Marines in World War II Commemorative Series
Countdown to 'Love-Day'
L-Day and Movement to Contact
The Air and Sea Battles
Assault on Shuri
Closing the Loop
The Senior Marine Commanders
For Extraordinary Heroism
Special Subjects
Initial Infantry Commanders
The Japanese Forces
The U.S. Army at Okinawa
Marine Air at Okinawa
Marine Artillery at Okinawa
Marine Tanks at Okinawa
Subsidiary Amphibious Landings

THE FINAL CAMPAIGN: Marines in the Victory on Okinawa
by Colonel Joseph H. Alexander, USMC (Ret)

Daybreak on 29 May 1945 found the 1st Marine Division beginning its fifth consecutive week of frontal assault as part of the U.S. Tenth Army's grinding offensive against the Japanese defenses centered on Shuri Castle in southern Okinawa. Operation Iceberg, the campaign to seize Okinawa, was now two months old — and badly bogged down. The exhilarating, fast-paced opening of the campaign had been replaced by week after week of costly, exhausting, attrition warfare against the Shuri complex.

The 1st Marine Division, hemmed in between two other divisions with precious little maneuver room, had advanced barely a thousand yards in the past 18 days — an average of 55 yards each bloody day. Their sector featured one bristling, honeycombed ridge line after another — sequentially Kakazu, Dakeshi, and Wana (with its murderous, reverse slope canyon). Just beyond lay the long shoulder of Shuri Ridge, the nerve center of the Japanese Thirty-second Army and the outpost of dozens of the enemy's forward artillery observers who had made life so miserable for American assault forces all month long.

Hargraves, Chavarria
Two Marines, Davis P. Hargraves with Thompson submachine gun and Gabriel Chavarria with BAR, of 2d Battalion, 1st Marines, advance on Wana Ridge on 18 May 1945. Department of Defense Photo (USMC) 123170

But on this rainy morning, this 29th of May, things seemed some how different, quieter. After days of bitter fighting, American forces had finally overrun both outposts of the Shuri Line: Conical Hill on the east, captured by the 96th Infantry Division, and the Sugar Loaf complex in the west, seized by the 6th Marine Division. Shuri no longer seemed invincible.

Company A of the 1st Battalion, 5th Marines moved out warily, expecting the usual firestorm of Japanese artillery at any moment. There was none. The Marines reached the crest of Shuri Ridge with hardly a firefight. Astonished, the company commander looked west ward along the ridge several hundred yards to the ruins of Shuri Castle, the medieval fortress of the ancient Ryukyuan kings. Everyone in the Tenth Army expected the Japanese to defend Shuri to the death — but the place seemed lightly held. Spiteful small arms fire appeared to come from nothing more than a rear guard. Field radios buzzed with this astounding news. Shuri Castle itself lay beyond division and corps boundaries, but it was there for the taking. The assault Marines asked permission to seize the prize.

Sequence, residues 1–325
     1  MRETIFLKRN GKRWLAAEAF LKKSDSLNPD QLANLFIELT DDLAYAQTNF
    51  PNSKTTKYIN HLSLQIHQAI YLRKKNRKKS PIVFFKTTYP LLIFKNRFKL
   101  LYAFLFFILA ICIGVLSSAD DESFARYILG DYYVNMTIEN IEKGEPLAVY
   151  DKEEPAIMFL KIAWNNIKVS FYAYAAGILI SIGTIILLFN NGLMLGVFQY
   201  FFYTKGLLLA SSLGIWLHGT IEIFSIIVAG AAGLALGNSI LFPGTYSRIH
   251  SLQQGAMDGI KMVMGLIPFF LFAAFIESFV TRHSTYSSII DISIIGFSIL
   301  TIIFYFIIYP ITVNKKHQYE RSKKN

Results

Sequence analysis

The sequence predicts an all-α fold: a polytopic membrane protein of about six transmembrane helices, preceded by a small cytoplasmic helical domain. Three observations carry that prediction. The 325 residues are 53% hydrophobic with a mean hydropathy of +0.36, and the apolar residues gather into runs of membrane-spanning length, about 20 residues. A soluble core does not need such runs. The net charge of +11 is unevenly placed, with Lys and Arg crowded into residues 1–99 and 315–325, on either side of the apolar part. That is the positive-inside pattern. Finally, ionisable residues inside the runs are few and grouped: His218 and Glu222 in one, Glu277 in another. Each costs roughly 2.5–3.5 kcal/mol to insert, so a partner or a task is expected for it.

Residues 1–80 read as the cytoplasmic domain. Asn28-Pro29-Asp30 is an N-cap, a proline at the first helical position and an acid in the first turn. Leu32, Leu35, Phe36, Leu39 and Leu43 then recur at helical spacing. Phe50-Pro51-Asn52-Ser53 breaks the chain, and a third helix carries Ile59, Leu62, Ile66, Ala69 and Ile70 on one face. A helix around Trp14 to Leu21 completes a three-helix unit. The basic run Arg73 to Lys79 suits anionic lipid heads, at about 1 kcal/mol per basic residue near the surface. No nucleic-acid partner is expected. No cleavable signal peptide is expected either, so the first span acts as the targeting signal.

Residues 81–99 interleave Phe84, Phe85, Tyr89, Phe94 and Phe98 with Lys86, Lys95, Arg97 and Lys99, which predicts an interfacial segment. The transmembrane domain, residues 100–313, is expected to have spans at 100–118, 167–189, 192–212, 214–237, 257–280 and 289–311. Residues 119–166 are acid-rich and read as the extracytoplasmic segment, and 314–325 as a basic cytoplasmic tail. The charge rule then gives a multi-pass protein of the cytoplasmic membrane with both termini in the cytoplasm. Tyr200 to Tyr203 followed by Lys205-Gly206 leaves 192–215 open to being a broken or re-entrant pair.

Major General Pedro del Valle, commanding the 1st Marine Division, did not hesitate. By all rights the castle belonged to the neighboring 77th Infantry Division and del Valle knew his counterpart, Army Major General Andrew D. Bruce, would be angry if the Marines snatched the long-sought trophy before his soldiers could arrive. But this was an unprecedented opportunity to grab the Tenth Army's main objective. Del Valle gave the go-ahead. With that, Company A, 1/5, swept west along the ridge against light opposition and took possession of the battered complex. Del Valle's staff had to do some fancy footwork to keep peace with their Army neighbors. Only then did they learn that the 77th Division had scheduled a major bombardment of the castle that morning. Frantic radio calls averted the near-tragedy just in time. Results of the Marines' preemptive action incensed General Bruce. Recalled del Valle: "I don't think a single Army division commander would talk to me after that."

Notwithstanding this inter-service aggravation, the Americans had achieved much this morning. For two months the Shuri Heights had provided the Japanese with superb fields of observed fire that covered the port city of Naha and the entire five-mile neck of southern Okinawa. Even now, as the Marines of A/1/5 deployed into a hasty defensive line within the Castle's rubble, they were oblivious to the fact that a Japanese rear guard still occupied portions of the mammoth underground headquarters complex directly under their muddy boondockers. They would be astounded to learn that the subterranean headquarters of the Thirty-second Army measured 1,287 feet long and as much as 160 feet deep — all of it dug by pick and shovel.

The Japanese had in fact stolen a march on the approaching Tenth Army. Most of their forces had retreated southwards during the incessant rains, and would soon occupy the third (and final) ring of their prepared, underground defenses, a series of fortified escarpments in the Kiyamu Peninsula.

mass of rubble
A mass of rubble is all that is left of Shuri Castle, its walls, the moat below them, and Shuri City beyond, after the 5th Marines had captured the area. The battered trees are part of a forest growth which in more peaceful times had surrounded it. Department of Defense Photo (USMC) 124370

Seizing Shuri Castle represented an undeniable milestone in the Okinawa campaign, but it was a hollow victory. Just as the flag-raising on Iwo Jima's Mount Suribachi signified only the end of the beginning of that prolonged battle, the capture of Shuri did not end the fighting. The brutal slugfest on Okinawa still had another 24 days to run. And still the Plum Rains fell, and the horrors, and the dying, continued.

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Commemorative Series produced by the Marine Corps History and Museums Division